Clarín and Argentine government waging war over newsprint mill

  • By
  • August 18, 2010

By Maira Magro

The dispute between the Clarín Group, Argentina's largest media conglomerate, and the federal government over Papel Prensa, the largest newsprint factory in the country, has intensified in recent days, with complaints, death threats, and accusations of human rights violations during the dictatorship (1976-1983).

The president and executive director of the Clarín Group, Héctor Magnetto, complained in a meeting last week at the newspaper Clarín that one of his daughters received death threats on two occasions. Additionally, he believes that because of all the pressures he is facing because of the Clarín issue, he could go to prison.

Magnetto also rejected accusations of money laundering and other irregularities with the purchase of Papel Prensa, such as that Clarín owners adopted children of the disappeared during the dictatorship, according to Quilmes Presente.

The government counter-attacked through chancellor Héctor Timerman, who said that the purchase of the paper company was a case of appropriation of a company by the military in partnership with civilians involved in human rights violations.

The president of Argentina, Cristina Fernández de Kirchner, next week will receive a report on the transfer of shares of newspapers Clarín and La Nación during the military dictatorship, reported the state news agency Télam.

Papel Prensa operates as an association with members from the government and the aforementioned newspapers, which acquired the paper company in 1976. Representatives of the government are accusing Clarín and La Nación of having collaborated with the military to not denounce human rights violations committed during the dictatorship and of having received benefits in exchange, such as the paper company, reported the newspaper Perfil.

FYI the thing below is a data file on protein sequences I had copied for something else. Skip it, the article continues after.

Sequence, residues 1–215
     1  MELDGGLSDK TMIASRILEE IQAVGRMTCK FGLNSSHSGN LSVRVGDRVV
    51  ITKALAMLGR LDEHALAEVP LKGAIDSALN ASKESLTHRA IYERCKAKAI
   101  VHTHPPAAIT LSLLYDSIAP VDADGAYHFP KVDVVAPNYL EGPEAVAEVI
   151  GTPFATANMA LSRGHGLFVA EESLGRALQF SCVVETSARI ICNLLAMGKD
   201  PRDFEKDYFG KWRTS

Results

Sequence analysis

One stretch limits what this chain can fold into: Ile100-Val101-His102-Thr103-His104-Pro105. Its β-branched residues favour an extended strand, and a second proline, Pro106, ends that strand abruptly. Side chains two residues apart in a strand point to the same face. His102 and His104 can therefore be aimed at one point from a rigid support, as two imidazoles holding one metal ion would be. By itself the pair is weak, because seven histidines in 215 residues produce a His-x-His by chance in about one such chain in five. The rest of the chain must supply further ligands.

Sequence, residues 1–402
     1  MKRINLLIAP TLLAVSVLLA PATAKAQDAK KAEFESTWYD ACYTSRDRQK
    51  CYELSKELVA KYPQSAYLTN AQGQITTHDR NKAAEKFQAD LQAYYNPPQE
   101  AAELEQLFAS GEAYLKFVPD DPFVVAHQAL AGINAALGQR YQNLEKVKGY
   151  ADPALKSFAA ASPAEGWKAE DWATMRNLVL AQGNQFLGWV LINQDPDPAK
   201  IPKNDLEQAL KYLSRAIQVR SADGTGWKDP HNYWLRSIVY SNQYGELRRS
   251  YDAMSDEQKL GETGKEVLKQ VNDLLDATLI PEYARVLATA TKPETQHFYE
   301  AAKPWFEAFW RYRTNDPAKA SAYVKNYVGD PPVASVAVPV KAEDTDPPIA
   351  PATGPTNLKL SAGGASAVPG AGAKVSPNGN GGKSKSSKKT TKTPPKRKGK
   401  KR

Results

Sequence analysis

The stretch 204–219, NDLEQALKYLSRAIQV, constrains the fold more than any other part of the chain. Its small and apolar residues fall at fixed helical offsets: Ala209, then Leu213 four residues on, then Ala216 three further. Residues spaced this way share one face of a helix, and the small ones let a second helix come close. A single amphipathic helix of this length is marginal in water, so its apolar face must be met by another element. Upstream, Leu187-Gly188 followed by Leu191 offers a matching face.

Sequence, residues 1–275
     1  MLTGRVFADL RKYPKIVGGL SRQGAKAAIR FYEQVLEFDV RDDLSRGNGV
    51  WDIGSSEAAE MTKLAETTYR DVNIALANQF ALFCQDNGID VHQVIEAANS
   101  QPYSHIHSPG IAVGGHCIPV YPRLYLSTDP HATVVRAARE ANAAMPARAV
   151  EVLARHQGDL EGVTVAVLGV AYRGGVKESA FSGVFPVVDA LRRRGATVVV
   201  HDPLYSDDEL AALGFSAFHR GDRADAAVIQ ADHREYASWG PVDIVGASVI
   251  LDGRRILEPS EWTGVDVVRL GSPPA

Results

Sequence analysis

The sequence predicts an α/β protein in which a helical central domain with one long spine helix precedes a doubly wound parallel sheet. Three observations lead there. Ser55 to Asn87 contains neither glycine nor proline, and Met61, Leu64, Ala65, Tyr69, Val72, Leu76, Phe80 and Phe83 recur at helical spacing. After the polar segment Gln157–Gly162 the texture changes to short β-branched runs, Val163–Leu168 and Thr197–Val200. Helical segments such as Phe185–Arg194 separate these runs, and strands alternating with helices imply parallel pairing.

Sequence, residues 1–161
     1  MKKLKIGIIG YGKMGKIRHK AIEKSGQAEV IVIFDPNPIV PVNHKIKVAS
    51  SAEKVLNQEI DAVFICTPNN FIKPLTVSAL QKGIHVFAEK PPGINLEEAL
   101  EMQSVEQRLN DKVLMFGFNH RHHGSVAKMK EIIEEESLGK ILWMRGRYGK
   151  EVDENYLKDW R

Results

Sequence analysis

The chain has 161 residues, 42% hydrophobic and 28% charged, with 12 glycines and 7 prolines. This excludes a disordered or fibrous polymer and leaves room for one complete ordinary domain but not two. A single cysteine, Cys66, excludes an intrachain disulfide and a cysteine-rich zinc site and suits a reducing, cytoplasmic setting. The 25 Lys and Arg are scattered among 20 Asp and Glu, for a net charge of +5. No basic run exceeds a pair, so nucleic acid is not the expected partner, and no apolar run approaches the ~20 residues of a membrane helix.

The accusations are based in part on testimony from Lidia Papaleo, widow of the former owner of Papel Prensa, who said they suffered “extortion, intimidation and threats" to hand over the ownership of the paper company.

She accused Magnetto of threatening her to transfer the company's shares. "Sign or it will cost you the life of you and your daughter," she said Magnetto said during a meeting in 1976.

In a demonstration of the tense relations between the government and the newspapers Clarín and La Nación, the commerce secretary, Guillermo Moreno, brought boxing gloves last week to a meeting of Papel Prensa shareholders.

Note from the editor: This story was originally published by the Knight Center’s blog Journalism in the Americas, the predecessor of LatAm Journalism Review.